Know Your Tools
When looking at your web analytics reports, it is important to know what you’re looking at. What may initially look like errors in the data, could just be the result of not understanding how the report or the individual metrics are defined. Consultants, who frequently work with multiple analytics packages, must be especially careful. Here’s a short example of what I mean:
A client came to me with 2 reports. One was the product SKU report for a particular SKU. The other report was that same report, but segmeted by source.
In the report that was segmented by source, all of the summary data was considerably higher than on the non-segmented report. The client didn’t know which one was correct — why was the data changing when he segmented the report? (And when you see two different sets of data you think should be the same, you wonder if either is correct.)
Open up your own Google Analytics ecommerce report and follow along.
First go to the product SKU report by choosing Ecommerce -> Product Performance -> Product SKUs from the left sidebar menu in the reporting interface.
You’ll see a list of all SKUs that sold during your selected time period. Click on one to see a summary screen for just that SKU. It will look something like this:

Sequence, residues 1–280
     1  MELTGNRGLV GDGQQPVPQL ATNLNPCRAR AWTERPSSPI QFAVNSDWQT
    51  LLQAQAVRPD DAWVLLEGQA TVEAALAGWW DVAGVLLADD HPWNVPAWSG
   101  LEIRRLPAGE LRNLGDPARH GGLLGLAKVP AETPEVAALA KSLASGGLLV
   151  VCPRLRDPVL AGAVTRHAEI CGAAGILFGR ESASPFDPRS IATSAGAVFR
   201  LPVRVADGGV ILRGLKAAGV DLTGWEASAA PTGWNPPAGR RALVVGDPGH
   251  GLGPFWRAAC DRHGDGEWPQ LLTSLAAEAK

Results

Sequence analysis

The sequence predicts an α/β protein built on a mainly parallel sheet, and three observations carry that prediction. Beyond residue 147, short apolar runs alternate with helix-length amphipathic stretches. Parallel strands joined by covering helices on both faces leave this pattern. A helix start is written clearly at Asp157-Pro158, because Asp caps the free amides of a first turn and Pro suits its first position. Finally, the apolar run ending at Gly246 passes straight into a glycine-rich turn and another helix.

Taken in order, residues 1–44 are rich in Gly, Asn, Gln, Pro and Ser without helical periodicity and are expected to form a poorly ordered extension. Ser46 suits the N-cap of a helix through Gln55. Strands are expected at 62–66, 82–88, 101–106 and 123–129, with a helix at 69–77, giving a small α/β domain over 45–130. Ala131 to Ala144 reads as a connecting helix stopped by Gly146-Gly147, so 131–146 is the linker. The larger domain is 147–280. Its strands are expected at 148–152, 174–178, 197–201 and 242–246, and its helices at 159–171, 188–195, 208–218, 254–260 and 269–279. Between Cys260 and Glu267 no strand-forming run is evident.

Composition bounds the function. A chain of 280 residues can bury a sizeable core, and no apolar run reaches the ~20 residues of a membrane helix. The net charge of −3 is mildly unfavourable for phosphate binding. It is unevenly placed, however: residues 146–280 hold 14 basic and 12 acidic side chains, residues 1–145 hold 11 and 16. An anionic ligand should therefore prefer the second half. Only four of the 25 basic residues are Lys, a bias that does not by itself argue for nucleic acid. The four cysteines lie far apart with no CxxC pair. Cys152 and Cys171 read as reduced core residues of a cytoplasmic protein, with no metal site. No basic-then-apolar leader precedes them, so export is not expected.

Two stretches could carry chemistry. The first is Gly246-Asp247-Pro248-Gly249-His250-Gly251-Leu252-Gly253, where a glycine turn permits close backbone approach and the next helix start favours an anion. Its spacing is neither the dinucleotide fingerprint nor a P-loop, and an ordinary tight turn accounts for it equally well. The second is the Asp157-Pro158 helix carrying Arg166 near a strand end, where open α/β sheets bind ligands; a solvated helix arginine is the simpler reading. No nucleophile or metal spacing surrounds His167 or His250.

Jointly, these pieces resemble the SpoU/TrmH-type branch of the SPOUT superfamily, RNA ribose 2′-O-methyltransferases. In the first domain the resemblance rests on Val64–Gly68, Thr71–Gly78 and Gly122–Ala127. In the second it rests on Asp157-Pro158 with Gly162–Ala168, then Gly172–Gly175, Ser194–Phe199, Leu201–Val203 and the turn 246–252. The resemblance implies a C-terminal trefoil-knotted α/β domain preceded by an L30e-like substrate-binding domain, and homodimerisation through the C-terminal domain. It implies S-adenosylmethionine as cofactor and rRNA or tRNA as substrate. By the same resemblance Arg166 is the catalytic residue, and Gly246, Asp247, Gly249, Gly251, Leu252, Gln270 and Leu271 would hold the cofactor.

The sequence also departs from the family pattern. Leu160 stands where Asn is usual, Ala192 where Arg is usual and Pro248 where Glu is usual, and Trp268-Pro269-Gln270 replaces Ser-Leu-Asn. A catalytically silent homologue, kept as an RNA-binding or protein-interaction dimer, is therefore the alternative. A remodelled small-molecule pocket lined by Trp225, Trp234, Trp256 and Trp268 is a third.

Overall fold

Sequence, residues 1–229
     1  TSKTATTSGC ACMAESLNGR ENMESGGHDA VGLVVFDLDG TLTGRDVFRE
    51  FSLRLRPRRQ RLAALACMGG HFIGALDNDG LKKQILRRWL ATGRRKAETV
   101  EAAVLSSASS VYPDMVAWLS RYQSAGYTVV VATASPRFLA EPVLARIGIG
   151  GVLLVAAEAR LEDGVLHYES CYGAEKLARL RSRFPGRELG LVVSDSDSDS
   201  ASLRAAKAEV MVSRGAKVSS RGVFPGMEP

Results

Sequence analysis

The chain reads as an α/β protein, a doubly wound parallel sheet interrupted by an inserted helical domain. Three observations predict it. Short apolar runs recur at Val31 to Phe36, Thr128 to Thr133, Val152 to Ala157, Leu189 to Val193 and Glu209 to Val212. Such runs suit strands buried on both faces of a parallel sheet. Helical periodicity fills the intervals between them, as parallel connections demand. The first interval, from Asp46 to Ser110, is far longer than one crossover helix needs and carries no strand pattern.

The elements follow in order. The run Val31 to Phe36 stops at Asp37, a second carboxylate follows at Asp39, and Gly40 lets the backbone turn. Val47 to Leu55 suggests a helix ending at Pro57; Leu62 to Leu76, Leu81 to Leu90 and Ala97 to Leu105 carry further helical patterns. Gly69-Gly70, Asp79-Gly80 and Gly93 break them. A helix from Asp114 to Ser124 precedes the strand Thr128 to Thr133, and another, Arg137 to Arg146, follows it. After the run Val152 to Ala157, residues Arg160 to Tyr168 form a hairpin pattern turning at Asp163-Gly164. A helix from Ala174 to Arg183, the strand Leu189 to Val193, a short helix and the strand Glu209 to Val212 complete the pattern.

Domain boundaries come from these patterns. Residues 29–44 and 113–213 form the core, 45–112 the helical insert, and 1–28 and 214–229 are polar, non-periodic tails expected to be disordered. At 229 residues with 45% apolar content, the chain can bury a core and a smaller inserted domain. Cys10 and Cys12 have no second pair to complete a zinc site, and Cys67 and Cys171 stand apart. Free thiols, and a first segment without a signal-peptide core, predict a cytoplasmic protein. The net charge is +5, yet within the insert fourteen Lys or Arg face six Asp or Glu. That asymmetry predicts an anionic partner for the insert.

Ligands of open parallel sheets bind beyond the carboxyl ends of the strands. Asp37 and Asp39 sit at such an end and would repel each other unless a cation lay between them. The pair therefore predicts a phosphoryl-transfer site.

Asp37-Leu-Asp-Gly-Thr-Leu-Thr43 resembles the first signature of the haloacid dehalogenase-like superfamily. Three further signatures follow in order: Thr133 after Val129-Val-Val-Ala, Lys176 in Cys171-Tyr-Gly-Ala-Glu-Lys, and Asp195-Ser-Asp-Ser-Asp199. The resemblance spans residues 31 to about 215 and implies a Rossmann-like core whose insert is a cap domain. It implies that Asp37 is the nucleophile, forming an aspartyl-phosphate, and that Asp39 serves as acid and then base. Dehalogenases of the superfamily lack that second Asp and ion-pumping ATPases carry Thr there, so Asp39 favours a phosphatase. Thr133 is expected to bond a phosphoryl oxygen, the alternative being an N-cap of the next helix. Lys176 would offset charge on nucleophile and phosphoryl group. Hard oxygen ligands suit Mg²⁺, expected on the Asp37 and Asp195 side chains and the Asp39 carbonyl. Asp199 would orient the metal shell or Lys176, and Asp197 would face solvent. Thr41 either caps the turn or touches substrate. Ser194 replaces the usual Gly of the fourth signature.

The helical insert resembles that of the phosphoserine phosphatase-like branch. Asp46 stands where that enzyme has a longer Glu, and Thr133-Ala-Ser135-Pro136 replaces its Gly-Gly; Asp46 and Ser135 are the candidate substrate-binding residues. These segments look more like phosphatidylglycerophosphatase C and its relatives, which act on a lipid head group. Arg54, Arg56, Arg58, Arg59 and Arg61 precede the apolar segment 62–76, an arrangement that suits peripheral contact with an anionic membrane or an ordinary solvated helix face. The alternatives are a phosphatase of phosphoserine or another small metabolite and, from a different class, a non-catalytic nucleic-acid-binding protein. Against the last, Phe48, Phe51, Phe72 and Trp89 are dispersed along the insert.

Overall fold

Now use the pulldown menu to segment by source. Most of you will see the summary numbers jump up, like my example here:
In the example images, the Quantity went from 545 to 715, just from segmenting. And Product Revenue jumped from $14,385.33 to $19,585.61.
When Google Analytics displays the segmented report, it is pulling Quantity, Product Revenue, etc from the Transaction Level. That is, the Quantity is now the total number of items purchased in all transactions that included your selected SKU. Likewise Product Revenue is the total revenue for all transactions that included that SKU — not just the revenue generated by that product.
If you go straight to the segmented report, you might not even notice that the data is different, and you could be making decisions based on the wrong information.
It is not that the data presented is wrong, it’s not. But it may not be the data you are expecting, which can be just as bad.
Although my example is in Google Analytics, it’s important to consider regardless of your analytics package. Make sure you know how a report is defined and if you find something that doesn’t seem quite right, be careful of your assumptions and don’t always believe what the report tells you about itself.